• Low income superannuation tax offset – A new scheme will be introduced that provides a tax offset of up to $500 p.a. on concessional superannuation contributions for individuals earning less than $37,000 per year, effective 1 July, 2017.


    • Transfer of superannuation into retirement phase – From July 1, 2017 a cap of $1.6 million will be placed on the transfer of superannuation balances into the tax-free retirement phase (Pension accounts). Any existing Pension accounts with balances beyond $1.6 million will have to be transferred into accumulation accounts and will be subject to up to 15% tax.


    • Extended ability to make contributions – From 1 July, 2017 the Government is extending the ability for all individuals aged between 65 – 74 to make concessional tax contributions to their superannuation, and to make or receive payments from their spouse, without having to meet the current work test criteria.


    • The tax offset for spouse contributions where the spouse income was previously less than $10,800 has now increased to $37,000 per year effective 1 July, 2017.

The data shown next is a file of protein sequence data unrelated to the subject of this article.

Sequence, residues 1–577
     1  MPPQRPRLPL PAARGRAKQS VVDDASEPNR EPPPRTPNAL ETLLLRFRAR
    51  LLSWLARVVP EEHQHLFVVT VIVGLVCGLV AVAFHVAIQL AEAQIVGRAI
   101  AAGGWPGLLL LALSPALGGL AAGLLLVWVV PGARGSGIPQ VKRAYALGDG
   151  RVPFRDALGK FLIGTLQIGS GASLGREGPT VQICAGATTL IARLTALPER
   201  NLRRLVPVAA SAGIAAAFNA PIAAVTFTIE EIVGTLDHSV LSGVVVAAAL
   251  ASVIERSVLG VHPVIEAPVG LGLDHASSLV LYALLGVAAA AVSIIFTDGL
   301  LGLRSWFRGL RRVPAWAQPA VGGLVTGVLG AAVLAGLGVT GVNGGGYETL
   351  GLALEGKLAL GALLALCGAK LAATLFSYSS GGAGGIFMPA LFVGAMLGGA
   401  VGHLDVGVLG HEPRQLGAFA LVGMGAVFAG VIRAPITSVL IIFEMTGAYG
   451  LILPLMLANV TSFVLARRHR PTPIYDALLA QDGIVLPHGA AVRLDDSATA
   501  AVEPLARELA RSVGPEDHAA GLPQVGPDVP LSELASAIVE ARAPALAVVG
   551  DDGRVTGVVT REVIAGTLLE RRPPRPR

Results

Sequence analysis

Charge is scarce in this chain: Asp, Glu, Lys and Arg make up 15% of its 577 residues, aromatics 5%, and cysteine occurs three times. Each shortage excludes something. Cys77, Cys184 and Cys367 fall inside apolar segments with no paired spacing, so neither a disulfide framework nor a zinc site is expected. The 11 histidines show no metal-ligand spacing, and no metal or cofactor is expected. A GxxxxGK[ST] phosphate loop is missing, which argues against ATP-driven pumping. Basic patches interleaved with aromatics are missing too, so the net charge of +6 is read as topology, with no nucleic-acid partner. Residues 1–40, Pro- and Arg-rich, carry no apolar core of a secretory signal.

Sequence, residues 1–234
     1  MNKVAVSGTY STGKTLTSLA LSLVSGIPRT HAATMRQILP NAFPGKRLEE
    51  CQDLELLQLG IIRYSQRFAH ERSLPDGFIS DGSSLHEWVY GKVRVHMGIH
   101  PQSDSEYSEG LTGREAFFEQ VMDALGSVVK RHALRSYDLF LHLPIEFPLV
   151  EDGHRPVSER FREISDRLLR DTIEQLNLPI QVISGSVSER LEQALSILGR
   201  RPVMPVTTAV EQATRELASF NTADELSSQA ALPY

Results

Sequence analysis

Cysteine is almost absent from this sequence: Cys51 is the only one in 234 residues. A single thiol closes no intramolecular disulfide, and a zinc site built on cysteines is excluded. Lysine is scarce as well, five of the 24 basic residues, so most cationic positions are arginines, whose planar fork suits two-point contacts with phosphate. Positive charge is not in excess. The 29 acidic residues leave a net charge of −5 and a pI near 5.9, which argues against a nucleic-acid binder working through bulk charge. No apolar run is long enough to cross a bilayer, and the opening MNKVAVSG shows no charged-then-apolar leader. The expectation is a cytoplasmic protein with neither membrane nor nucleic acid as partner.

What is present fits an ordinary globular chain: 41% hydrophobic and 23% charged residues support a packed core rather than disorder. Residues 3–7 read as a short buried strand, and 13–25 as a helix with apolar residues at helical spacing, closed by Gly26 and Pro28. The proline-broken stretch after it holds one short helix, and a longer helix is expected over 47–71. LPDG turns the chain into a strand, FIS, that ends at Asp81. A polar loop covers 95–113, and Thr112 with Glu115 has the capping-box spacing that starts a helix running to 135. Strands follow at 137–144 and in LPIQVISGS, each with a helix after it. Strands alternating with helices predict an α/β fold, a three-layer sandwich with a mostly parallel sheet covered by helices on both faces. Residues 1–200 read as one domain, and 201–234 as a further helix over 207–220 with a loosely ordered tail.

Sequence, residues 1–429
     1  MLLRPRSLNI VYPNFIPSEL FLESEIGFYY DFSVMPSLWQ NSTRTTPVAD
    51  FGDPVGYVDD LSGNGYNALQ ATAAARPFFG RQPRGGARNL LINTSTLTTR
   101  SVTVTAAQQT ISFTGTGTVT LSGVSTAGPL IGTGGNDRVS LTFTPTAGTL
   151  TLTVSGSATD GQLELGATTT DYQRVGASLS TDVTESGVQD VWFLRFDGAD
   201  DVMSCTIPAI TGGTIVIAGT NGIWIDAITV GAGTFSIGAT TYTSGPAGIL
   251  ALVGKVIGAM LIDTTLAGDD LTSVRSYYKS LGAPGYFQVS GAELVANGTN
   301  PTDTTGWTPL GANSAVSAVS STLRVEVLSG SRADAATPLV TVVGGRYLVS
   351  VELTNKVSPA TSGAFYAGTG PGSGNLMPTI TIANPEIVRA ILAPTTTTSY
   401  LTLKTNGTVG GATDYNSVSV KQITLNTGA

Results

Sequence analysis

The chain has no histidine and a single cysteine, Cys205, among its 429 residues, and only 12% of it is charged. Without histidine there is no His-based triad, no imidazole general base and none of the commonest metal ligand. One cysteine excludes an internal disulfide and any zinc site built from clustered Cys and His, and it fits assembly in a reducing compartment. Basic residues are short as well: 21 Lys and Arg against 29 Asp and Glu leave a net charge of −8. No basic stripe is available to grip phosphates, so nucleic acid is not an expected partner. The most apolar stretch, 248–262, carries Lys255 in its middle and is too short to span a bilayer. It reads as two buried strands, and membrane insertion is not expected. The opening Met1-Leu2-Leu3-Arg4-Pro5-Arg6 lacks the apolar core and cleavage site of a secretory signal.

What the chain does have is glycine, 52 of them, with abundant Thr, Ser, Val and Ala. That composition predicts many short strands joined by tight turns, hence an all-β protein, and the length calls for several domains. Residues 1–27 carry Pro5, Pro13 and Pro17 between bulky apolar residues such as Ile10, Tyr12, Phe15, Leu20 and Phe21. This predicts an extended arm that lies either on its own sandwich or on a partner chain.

• Easing of restrictions on tax deductibility of personal super contributions – From 1 July, 2017 the Government will allow individuals regardless of employment status to make concessional super contributions up to the concessional cap (subject to 15% contribution tax). Individuals can claim a personal income tax deduction for personal super contributions.


    • Transition to Retirement (TTR) Accounts – The existing tax exemption on investment earnings for supporting TTR income streams will be removed from 1 July, 2017. This means members with a TTR accounts will now have their investment earnings subjected to 15% tax.